By: Leah Snider, Project Coordinator for HippoGive and Creative at Fast Rope Labs
Did you know that 55% of visitors spend fewer than 15 seconds on your website?
To combat the average consumer’s short attention span, it is CRUCIAL to format your website’s landing pages in an engaging and visually appealing way. A landing page, or the page your consumers “land on” when clicking on your URL, is typically the first online interaction a consumer has with your product or service.
So, what exactly is the magic formula for creating a captivating landing page? As creators of HippoGive, an app that helps you donate your spare change to charities and non-profits, we’ve designed our landing page carefully to ensure that our website traffic converts into app downloads.
Though each seed-stage social venture has different website needs, we’ve broken down the key components of HippoGive’s main landing page to walk you through the basics. Keep reading for our tips and tricks!
Hero Image Block
In this circumstance, the hero image block is the image with the dog plus the blue overlay. This is the first impression to potential customers, and must convey the mission of your social venture. Because HippoGive provides users with a donation channel for various charities and non-profits, this image is eye-catching and relatable for users interested in giving back to their communities. Dedicate time to making this image or illustration reflective of your cause!
Call to Action Button
In our case, we want visitors to download HippoGive from the app store, so one of our CTAs is ‘download now’. The ‘enter code’ button leads to a contact form, in order for us to partner with podcasts and build credibility in other mediums.
Think about what action you want your visitors to take when they reach your landing page. If you want them to apply to your program, include an ‘apply today’ button. If you want them to subscribe to your email newsletter, include a “subscribe now” button. Give the primary button a pop of color, and make the secondary CTA button a bit more simple. Be careful not to include too many CTAs and overwhelm visitors.
Who We Are
For mission-driven companies, this tab can narrate the story of your company’s founding and the team that brought it to life. Tell the story of how your founder was inspired by a trip to Thailand, or how they worked out of their parents’ basement for a year before turning a profit. An overwhelming 92% of millennials believe that businesses should be measured by more than profits, so providing this background information can help sell to a key segment of your target market.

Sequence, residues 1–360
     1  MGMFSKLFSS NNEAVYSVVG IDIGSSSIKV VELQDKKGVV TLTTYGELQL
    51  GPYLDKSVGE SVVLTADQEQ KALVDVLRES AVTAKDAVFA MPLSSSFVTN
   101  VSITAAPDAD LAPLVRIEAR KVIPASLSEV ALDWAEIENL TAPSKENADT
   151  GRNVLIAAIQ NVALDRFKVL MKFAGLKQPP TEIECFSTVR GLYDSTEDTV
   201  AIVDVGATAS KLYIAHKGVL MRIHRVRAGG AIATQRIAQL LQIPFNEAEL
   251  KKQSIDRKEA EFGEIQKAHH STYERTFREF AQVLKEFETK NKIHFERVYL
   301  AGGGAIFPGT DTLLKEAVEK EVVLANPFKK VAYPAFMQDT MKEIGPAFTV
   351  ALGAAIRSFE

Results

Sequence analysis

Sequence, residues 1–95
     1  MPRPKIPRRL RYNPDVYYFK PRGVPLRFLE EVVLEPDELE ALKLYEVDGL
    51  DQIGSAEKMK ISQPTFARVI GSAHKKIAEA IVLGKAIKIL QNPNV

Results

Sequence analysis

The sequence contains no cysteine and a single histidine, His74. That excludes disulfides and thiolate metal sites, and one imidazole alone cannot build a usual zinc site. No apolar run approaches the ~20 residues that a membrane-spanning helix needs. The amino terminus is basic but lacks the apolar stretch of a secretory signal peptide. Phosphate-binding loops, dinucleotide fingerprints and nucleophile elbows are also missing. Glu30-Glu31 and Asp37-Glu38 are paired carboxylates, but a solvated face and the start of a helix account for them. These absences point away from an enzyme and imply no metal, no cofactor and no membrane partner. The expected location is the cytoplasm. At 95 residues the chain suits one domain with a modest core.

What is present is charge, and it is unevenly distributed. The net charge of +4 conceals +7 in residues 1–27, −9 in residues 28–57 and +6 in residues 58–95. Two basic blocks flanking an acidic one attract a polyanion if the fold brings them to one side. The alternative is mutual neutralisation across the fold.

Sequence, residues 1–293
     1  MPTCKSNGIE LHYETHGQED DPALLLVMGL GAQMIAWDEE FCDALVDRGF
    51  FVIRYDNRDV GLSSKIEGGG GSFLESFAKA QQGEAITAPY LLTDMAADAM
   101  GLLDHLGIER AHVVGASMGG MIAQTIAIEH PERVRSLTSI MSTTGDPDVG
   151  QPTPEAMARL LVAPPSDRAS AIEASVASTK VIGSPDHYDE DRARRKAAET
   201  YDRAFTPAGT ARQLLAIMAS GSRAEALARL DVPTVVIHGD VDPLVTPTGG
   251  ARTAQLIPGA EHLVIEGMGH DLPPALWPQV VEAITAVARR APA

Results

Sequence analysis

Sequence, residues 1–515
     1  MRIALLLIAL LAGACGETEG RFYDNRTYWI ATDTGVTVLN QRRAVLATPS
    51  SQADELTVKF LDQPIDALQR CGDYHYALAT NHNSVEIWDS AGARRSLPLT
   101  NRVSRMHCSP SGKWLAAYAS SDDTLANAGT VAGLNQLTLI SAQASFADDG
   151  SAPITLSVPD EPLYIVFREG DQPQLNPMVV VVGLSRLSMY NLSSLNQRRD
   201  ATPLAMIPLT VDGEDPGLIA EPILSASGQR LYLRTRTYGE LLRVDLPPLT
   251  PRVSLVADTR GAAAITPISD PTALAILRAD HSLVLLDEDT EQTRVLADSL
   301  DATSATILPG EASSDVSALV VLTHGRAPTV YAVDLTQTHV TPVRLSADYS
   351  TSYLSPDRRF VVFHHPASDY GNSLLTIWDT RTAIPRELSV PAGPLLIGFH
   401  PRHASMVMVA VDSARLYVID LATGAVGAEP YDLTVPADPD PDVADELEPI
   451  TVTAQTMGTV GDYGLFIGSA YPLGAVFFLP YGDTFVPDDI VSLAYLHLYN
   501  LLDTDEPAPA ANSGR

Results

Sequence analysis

HippoGive has partnered with notable organizations like Planned Parenthood and the ACLU, so we want to give those partnerships some prime real estate on our website. Though visitors may not have heard of HippoGive, our partnerships with big names help to build our credibility and reputation. What big names have you previously worked with? Which awards have you won? What organizations are helping to sponsor/fund your entrepreneurial journey? New users will want to read about these accolades before buying into your product or service.
At the top of your landing page, you want your product or service’s description to be short and sweet. As users scroll down your website, you need to provide more insight on how your product or service works. Break down the details into 3-5 succinct bullet points that advertise the main selling points of your offerings.
It’s as easy as 1, 2, 3! Users need to be persuaded that your product or service will make their life easier in some way. What better way to do that than to show them the exact process they’ll engage in every time they use HippoGive. No surprises, no hidden steps, and less chances of deleting an app from their phone after a few usages.
Most importantly, tell users how to get in contact with your team. Whether it’s an email form, a phone number, or a brick and mortar address, your users will feel a more direct connection to your product. This creates a direct pathway for users to inquire about different features or to solicit help when needed. Don’t leave users feeling isolated!
To conclude, your website’s landing page can oftentimes make or break your customer’s user experience. Give it plenty of thought, consult with your tech-savvy friends, and engage in plenty of testing to understand how visitors are enjoying their interaction with your page. The time and energy you invest in this process will be worthwhile in the end!
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